Whether or not Sen. Joseph Biden (D-Del.) runs for president — and I hope he does — he’s got something to teach the other Democratic candidates about how to criticize President Bush. [IMGCAP(1)]
His approach was on display at the Foreign Relations Committee hearing on Tuesday when he blasted the Bush administration for not telling the country what the post-war reconstruction of Iraq would cost.
Events have proved, Biden said, that the administration failed to adequately prepare for the post-war aftermath. Biden actually was among the first to warn about that ahead of time. Now it’s a standard Democratic mantra.
“I voted to go into Iraq, and I’d vote to do it again,” Biden said in an impassioned closing statement at the hearing. That remark alone distinguishes him from Sen. John Kerry (Mass.) and Rep. Richard Gephardt (Mo.), presidential candidates now fudging on their previous support for the war.
Biden’s main argument was that Bush “has to … prepare the American people for what is expected of them. It’s going to be tens of billions of dollars and tens of thousands of troops for an extended period of time.
“I think you are going to lose the American people if you don’t come forward now and tell them what you know,” Biden told Deputy Defense Secretary Paul Wolfowitz and Office of Management and Budget Director Josh Bolten. “They think Johnny and Jane are going to come marching home. …
“We can do this. We can win this. We can win the peace. But you better start to tell the American people now … billions of dollars, tens of thousands of troops. I’ll vote for it. I’ll support it. I’ll stay with you. The president has to tell them now, now, now.”
Unlike most of the Democratic presidential candidates, Biden is bashing the Bush administration to achieve a positive purpose. He obviously wants the United States to prevail in Iraq. Many of them sound like they expect — even want — the nation to fail to justify their prior opposition or weaken Bush in next year’s election.
The overriding problem with the Democratic candidates, in fact, is that they spend so much time assailing Bush that their positive programs and larger vision for the country is getting lost.
The candidates, evidently responding to Democratic activists’ loathing for Bush, seem to think that the way to win primaries is to out-Bush-bash their rivals, rather than come up with a positive agenda for running the country.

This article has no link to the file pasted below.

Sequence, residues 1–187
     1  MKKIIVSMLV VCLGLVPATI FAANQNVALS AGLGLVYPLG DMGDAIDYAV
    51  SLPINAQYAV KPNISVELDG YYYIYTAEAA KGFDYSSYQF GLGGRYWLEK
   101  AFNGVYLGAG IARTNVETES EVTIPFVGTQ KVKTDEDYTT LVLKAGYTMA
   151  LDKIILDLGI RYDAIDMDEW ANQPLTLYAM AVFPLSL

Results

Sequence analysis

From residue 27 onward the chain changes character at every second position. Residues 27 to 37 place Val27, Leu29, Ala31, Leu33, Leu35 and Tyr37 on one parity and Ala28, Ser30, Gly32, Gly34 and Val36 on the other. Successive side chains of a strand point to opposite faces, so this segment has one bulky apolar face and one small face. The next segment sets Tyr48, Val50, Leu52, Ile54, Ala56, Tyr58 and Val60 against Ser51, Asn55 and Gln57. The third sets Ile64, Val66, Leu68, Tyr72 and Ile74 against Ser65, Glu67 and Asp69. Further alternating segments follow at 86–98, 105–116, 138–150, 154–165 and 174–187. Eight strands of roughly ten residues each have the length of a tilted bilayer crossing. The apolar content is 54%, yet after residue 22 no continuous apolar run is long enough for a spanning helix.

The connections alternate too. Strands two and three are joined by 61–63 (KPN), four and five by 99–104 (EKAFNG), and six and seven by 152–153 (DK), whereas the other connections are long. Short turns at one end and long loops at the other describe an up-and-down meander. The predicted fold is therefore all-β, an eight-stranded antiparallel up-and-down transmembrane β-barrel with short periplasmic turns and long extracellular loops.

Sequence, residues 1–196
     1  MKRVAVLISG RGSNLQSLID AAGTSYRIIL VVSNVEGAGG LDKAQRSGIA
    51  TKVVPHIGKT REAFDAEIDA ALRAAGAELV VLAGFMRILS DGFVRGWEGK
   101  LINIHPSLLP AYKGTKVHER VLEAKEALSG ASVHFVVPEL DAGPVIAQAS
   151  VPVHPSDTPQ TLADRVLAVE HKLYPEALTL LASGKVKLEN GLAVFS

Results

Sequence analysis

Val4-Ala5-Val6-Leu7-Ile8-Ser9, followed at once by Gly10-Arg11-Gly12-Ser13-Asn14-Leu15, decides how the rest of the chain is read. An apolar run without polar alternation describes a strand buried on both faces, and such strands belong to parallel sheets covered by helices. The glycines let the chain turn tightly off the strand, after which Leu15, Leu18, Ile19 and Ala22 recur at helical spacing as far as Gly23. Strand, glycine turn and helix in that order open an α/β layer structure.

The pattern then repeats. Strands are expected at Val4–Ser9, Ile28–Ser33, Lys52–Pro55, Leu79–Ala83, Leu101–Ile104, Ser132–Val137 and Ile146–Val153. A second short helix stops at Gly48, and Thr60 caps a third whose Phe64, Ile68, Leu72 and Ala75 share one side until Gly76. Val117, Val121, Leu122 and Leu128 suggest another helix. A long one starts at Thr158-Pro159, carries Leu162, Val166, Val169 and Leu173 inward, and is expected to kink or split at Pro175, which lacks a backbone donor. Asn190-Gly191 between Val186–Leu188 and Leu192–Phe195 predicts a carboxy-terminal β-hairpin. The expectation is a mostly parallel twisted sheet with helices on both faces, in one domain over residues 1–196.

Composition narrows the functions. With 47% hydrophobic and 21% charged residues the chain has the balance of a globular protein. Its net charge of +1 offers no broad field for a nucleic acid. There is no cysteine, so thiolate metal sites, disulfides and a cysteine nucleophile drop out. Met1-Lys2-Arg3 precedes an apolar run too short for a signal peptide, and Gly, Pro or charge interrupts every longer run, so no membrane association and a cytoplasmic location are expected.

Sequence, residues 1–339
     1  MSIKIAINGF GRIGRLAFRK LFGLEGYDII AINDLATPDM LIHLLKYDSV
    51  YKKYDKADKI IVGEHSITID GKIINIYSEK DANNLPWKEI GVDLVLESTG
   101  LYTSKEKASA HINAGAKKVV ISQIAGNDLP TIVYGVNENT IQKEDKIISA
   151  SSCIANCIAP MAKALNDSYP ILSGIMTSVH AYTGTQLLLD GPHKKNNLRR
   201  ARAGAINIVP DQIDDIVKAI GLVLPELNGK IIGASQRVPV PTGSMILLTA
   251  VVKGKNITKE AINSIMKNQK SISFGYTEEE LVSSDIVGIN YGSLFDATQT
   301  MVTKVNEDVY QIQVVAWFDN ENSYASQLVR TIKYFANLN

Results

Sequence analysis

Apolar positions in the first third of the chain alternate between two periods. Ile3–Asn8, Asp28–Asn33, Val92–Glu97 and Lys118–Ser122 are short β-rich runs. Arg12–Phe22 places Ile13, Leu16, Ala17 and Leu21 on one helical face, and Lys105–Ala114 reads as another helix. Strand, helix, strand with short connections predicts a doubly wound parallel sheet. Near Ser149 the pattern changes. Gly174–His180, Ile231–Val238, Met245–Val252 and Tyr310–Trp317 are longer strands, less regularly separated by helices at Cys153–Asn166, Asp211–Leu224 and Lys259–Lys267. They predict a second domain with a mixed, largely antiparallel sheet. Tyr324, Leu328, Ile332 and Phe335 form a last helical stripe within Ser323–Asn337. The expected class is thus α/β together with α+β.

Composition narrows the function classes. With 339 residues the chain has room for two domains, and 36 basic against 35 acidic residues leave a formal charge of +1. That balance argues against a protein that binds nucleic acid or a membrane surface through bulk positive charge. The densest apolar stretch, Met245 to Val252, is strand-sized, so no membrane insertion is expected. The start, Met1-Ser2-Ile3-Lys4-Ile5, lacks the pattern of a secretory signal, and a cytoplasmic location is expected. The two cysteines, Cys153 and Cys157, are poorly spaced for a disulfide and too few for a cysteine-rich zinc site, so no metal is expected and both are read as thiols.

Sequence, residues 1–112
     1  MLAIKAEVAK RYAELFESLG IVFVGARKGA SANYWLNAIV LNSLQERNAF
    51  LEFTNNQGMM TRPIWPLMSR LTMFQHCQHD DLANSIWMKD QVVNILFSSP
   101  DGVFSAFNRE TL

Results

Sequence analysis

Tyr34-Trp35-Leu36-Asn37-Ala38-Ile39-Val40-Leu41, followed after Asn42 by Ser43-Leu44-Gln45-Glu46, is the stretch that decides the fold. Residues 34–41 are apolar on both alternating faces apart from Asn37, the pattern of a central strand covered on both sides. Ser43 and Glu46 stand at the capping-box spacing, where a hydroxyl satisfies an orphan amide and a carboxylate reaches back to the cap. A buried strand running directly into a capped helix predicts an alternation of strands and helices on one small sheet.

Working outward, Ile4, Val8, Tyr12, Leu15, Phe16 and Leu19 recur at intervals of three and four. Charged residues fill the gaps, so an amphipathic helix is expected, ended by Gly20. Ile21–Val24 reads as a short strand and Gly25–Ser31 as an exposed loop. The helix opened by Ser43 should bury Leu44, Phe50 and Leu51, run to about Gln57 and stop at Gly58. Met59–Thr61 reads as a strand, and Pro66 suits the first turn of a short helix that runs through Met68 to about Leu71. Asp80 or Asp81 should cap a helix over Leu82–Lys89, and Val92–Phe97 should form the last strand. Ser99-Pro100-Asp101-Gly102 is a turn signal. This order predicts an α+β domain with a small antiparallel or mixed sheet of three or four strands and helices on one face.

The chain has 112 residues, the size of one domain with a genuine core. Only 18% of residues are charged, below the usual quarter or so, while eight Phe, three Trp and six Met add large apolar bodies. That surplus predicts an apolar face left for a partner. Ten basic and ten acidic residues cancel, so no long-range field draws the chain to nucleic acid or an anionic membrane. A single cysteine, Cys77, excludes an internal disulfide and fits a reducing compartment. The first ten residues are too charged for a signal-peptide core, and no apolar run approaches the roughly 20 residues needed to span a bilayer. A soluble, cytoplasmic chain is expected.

Of course, the candidates all have proposals to provide health coverage for the uninsured, revisit all or part of Bush’s tax cuts and invest in energy independence. Yet, you rarely hear them debate policy choices. They are too busy accusing Bush of lying about 16 words in his State of the Union speech.
Or, as Sen. Evan Bayh (D-Ind.), chairman of the centrist Democratic Leadership Council, said Tuesday at the group’s convention in Philadelphia, “The Democratic Party has an important choice to make: Do we want to vent, or do we want to govern?”
In truth, the DLC’s own policy publication for the Philadelphia meeting contained a good deal of over-the-top “venting,” asserting that “by any objective standard, Bush’s record on the economy is the worst since [Herbert] Hoover’s.” One problem: The country’s not in the Great Depression.
The DLC also claimed that Bush is “well on his way to placing America in greater peril, with more enemies and fewer friends, than any time since the darkest moments of the Cold War.” But Bush didn’t invent al Qaeda, North Korea, Iraq and Iran as enemies. The peril they present has to be faced, with or without France and Belgium.
But the DLC did come up with a declaration, “What We’re Fighting For,” encompassing dozens of positive initiatives for the party that will show up failings on the part of the Bush administration and also win support from moderate swing voters the party needs to win.
The DLC’s think tank, the Progressive Policy Institute, also has produced a “report card” on homeland security that rates the Bush administration at “D” on most fronts, but suggests a raft of improvements to make the country safe.
And the Democratic Congressional leadership’s National Security Advisory Group, chaired by former Defense Secretary William Perry, just produced another critique of Bush containing alternative policies on North Korea, proliferation, reconstruction in Iraq and national security priorities.
Taken together, the reports suggest some ripe targets for attacking Bush — and making it clear that Democrats aren’t hoping for national failure so they can win, but have plans to make the country stronger.
One DLC proposal is that the party peel back Bush’s tax cuts for high-income groups, but not the middle class. Others include cuts in corporate welfare, stock options for workers as well as executives, and allowing citizens to buy into the federal employee health insurance system.
In foreign policy, the DLC and the Perry group offer ways for Democrats to go to Bush’s right on foreign and anti-terror policy — by siding with reformers rather than rulers in Arab countries, speeding up military transformation (the Democrats should call for a bigger army to handle new global threats, but they don’t) and vastly improving homeland security preparations.
There’s no question that Democratic candidates have to show the party faithful that they differ from Bush. But the independents who’ll decide this election want to know: How will you do better? They aren’t hearing it.